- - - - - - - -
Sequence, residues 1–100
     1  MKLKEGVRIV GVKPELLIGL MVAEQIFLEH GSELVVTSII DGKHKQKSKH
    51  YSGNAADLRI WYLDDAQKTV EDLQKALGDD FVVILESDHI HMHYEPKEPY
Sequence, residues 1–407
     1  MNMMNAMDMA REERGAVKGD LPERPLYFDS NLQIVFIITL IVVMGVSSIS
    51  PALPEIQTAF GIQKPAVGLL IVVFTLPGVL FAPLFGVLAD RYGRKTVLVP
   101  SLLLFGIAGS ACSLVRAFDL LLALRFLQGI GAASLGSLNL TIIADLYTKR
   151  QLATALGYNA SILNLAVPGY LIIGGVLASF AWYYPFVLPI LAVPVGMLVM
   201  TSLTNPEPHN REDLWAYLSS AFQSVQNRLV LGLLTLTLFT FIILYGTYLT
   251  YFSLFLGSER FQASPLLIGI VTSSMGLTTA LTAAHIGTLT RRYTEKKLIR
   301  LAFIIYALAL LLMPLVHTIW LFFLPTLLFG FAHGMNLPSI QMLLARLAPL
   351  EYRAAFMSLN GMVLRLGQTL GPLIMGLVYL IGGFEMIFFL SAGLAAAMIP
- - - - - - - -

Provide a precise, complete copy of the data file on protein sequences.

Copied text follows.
Sequence, residues 1–100
     1  MKLKEGVRIV GVKPELLIGL MVAEQIFLEH GSELVVTSII DGKHKQKSKH
    51  YSGNAADLRI WYLDDAQKTV EDLQKALGDD FVVILESDHI HMHYEPKEPY
Sequence, residues 1–407
     1  MNMMNAMDMA REERGAVKGD LPERPLYFDS NLQIVFIITL IVVMGVSSIS
    51  PALPEIQTAF GIQKPAVGLL IVVFTLPGVL FAPLFGVLAD RYGRKTVLVP
   101  SLLLFGIAGS ACSLVRAFDL LLALRFLQGI GAASLGSLNL TIIADLYTKR
   151  QLATALGYNA SILNLAVPGY LIIGGVLASF AWYYPFVLPI LAVPVGMLVM
   201  TSLTNPEPHN REDLWAYLSS AFQSVQNRLV LGLLTLTLFT FIILYGTYLT
   251  YFSLFLGSER FQASPLLIGI VTSSMGLTTA LTAAHIGTLT RRYTEKKLIR
   301  LAFIIYALAL LLMPLVHTIW LFFLPTLLFG FAHGMNLPSI QMLLARLAPL
   351  EYRAAFMSLN GMVLRLGQTL GPLIMGLVYL IGGFEMIFFL SAGLAAAMIP